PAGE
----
For André Breton, collecting les arts premiers (tribal art) was an inherently “surrealist activity” capable of displacing the rationalized relations of the modern world. “The surrealist practice,” he wrote in 1948, “is inseparable from seduction, from the fascination that these objects exercise over us.” The Surrealists desired Indigenous arts of Oceania and the Americas for the mythic and animistic characteristics they saw in totemic carvings and masks, including those created by Arctic peoples for winter ceremonies. In 1935, the Surrealists began acquiring Arctic material from the Galerie Charles Ratton in Paris; and the pace of their collecting accelerated when many of them moved to New York to escape the strife of World War II. There, they encountered Julius Carlebach’s Third Avenue boutique and its stock of Northwest Coast, Inuit, and Hopi objects.
“Moon Dancers: Yup’ik Masks and the Surrealists,” which Di Donna Galleries organized in collaboration with Donald Ellis Gallery, paired ritual masks from Alaska with works by Surrealists who prized such masks for their ceremonial role in transforming the wearer into the embodiment of the spirit—a transfigurative power that they imagined might also affect the Euro-American psyche. Against deep blue walls, the twisted grins and feathered visages of seventeen kegginaqut dance masks embodying powerful beings such as yua (animal spirits) and the tuunrat (spirit helpers) of Yup’ik shamans were interspersed among nearly sixty paintings and sculptures. A small mask owned by Breton, for example, appeared next to his gouache Pour Elisa (1947). The blonde fringe of hair and oval head in the portrait mimic the mask’s yellow halo of feathers and its concentric hoops representing the universe. The exhibition organizers claimed that such formal affinities reveal the “poetic associations” between the Surrealist aesthetic and the mystical hybrid qualities of Yup’ik art.
The side-by-side hang of the exhibition seduced the viewer into finding semblances everywhere: the toothy crescent smile of a nineteenth-century Anvik mask seemed to be reflected in the curving feline spine in Victor Brauner’s Extrait du radiant symbolique (1962) as well as in the red-lipped mouth of Picabia’s pale and ghoulish Monstre (1946). However, too many of these comparisons were superficial, coincidences of clever curation rather than representations of any historic encounter. The wicked teeth on a birdlike figure in Max Ernst’s À l’intérieur de la vue: les oiseaux (1928) mirrored those of a feather-ringed Cup’iq mask. Yet Ernst had likely not seen such masks when he made that work, and derived his avian forms from other sources. The out-of-context correspondences recalled the failures of the Museum of Modern Art’s 1984–85 “‘Primitivism’ in 20th Century Art” exhibition, which was criticized for freezing non-Western cultures in an ahistoric past that was “discovered” by Euro-American artists. While “Moon Dancers” brought more historical specificity to the subject, it remained tainted by the asymmetrical power and colonial circumstances of Surrealist contact with these masks, privileging the Euro-American artists as the agents who elevated Indigenous objects to the category of fine art. The Yup’ik creators were unnamed and relegated to the space of mystic ritual and the primitive, a position exacerbated by the lack of Yup’ik voices in the gallery. The work of constructing substantial connections was left to the catalogue, which features well-researched scholarly essays discussing the history of Surrealist collecting and the use and meanings of the masks. The authors argue that the relationship between the collector-Surrealist and the masks was more than mere colonial desire because of the anti-anthropocentric Surrealist belief in the power of objects.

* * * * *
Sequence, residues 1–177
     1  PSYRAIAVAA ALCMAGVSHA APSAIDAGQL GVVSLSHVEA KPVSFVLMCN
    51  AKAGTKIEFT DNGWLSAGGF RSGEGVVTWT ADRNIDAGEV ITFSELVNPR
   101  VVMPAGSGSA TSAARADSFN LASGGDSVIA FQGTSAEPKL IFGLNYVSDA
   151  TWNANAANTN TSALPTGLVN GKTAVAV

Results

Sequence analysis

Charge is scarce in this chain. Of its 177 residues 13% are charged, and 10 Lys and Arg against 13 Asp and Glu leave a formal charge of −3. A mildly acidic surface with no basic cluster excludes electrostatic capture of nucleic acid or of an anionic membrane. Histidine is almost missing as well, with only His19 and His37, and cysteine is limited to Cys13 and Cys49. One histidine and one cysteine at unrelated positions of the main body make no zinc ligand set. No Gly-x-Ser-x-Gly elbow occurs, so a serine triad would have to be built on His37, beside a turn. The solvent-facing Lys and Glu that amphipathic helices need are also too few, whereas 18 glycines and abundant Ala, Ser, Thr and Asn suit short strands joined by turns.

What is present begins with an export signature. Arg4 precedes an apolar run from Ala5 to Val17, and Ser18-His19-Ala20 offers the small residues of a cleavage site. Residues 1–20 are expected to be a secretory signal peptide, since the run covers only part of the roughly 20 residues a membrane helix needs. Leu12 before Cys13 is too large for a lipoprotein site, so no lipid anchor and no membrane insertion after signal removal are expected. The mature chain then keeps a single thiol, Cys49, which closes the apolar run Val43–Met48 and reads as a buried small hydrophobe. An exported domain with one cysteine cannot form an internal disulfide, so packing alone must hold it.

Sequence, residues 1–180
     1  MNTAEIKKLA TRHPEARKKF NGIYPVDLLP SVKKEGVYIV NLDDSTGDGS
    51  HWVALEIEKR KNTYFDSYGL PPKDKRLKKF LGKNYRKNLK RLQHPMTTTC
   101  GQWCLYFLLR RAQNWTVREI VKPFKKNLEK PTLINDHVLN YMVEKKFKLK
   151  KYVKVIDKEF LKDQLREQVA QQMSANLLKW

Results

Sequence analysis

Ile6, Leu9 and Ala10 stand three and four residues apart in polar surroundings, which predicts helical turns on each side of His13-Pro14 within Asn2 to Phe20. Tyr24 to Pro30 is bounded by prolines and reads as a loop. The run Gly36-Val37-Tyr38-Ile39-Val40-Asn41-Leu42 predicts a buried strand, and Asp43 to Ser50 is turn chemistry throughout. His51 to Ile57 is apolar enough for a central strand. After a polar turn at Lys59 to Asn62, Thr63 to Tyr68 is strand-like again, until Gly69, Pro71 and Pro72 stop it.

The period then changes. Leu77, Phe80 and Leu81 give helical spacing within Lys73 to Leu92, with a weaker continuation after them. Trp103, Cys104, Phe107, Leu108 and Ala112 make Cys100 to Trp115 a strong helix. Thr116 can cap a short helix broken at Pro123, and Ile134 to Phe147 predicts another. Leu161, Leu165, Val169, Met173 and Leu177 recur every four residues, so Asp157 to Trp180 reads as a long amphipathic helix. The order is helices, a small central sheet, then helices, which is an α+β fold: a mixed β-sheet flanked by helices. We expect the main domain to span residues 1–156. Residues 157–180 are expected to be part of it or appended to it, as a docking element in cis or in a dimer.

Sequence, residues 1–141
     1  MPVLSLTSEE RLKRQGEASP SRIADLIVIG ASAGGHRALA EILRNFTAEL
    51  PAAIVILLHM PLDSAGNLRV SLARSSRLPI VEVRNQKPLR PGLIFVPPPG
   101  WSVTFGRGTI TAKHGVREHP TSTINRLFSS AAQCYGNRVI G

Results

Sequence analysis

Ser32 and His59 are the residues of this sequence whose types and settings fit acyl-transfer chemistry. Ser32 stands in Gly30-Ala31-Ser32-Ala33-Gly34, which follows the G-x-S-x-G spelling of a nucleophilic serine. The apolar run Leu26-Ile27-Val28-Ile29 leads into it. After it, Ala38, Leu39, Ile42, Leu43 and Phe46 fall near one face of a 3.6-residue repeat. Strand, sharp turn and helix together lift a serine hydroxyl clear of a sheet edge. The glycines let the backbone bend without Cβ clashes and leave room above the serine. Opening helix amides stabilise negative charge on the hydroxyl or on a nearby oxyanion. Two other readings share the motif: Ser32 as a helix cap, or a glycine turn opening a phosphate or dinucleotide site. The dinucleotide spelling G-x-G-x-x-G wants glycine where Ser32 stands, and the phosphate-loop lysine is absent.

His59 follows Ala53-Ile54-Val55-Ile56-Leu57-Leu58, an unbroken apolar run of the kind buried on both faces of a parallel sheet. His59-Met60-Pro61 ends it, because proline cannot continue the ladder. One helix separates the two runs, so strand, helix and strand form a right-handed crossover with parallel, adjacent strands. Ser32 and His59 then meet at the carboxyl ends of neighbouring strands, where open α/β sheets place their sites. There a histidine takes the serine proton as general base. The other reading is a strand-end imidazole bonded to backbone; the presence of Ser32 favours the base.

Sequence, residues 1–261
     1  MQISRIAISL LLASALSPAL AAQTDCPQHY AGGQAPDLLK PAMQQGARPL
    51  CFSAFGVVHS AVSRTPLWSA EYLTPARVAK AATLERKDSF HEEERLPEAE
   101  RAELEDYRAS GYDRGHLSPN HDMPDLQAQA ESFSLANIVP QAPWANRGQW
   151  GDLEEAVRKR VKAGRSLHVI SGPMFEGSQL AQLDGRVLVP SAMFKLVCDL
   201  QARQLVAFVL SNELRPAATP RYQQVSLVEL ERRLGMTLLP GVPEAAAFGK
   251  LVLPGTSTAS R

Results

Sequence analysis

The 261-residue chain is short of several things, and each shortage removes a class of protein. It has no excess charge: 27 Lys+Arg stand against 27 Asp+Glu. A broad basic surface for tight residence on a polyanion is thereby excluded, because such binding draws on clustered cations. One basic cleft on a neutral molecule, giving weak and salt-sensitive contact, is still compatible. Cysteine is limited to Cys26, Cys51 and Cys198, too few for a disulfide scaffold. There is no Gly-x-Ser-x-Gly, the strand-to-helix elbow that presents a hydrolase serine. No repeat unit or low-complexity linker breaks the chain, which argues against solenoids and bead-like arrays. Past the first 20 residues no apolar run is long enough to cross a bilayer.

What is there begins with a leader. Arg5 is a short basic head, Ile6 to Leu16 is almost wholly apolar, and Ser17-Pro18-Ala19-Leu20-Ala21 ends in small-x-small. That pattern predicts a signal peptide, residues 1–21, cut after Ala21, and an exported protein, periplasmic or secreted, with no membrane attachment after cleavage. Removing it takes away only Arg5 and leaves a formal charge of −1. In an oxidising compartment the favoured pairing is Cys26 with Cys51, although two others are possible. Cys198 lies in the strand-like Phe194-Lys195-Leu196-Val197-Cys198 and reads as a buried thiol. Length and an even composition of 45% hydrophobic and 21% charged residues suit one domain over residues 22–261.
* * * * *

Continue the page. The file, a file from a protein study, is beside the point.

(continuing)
The highlight of the exhibition was one of nine elaborate weather masks collected during a 1907–08 expedition to Alaska by Adams Hollis Twitchell and purchased in 1944 by Enrico Donati. Representing ungalaq, the south wind, the toothy mask embodied a warm rain-bringing yua when danced, while the paddles and batons hanging from its winglike appendages clacked together to mimic rain and breaking ice. Breton described the “force” that such masks exercised over him (he owned a similar mask, now at the Louvre), and Donati imbued his paintings with a diaphaneity not unlike that of the mask’s downy feathers. But rather than using these masks merely to contextualize the avant-garde’s craving for otherworldly escape, this exhibition might have foregrounded Yup’ik understandings of these ceremonial objects as beings and potential agents. Yupiit could tell us how these masks might have watched the Surrealists at work in their studios and actively influenced their art, rather than merely serving as inspiration. Such a perspective could help to avoid primitivist pitfalls and to allow for a deeper exploration of the resonances between the immanent ritual power of these dancing masks and the forces perceived by the Surrealists enchanted by their crooked smiles.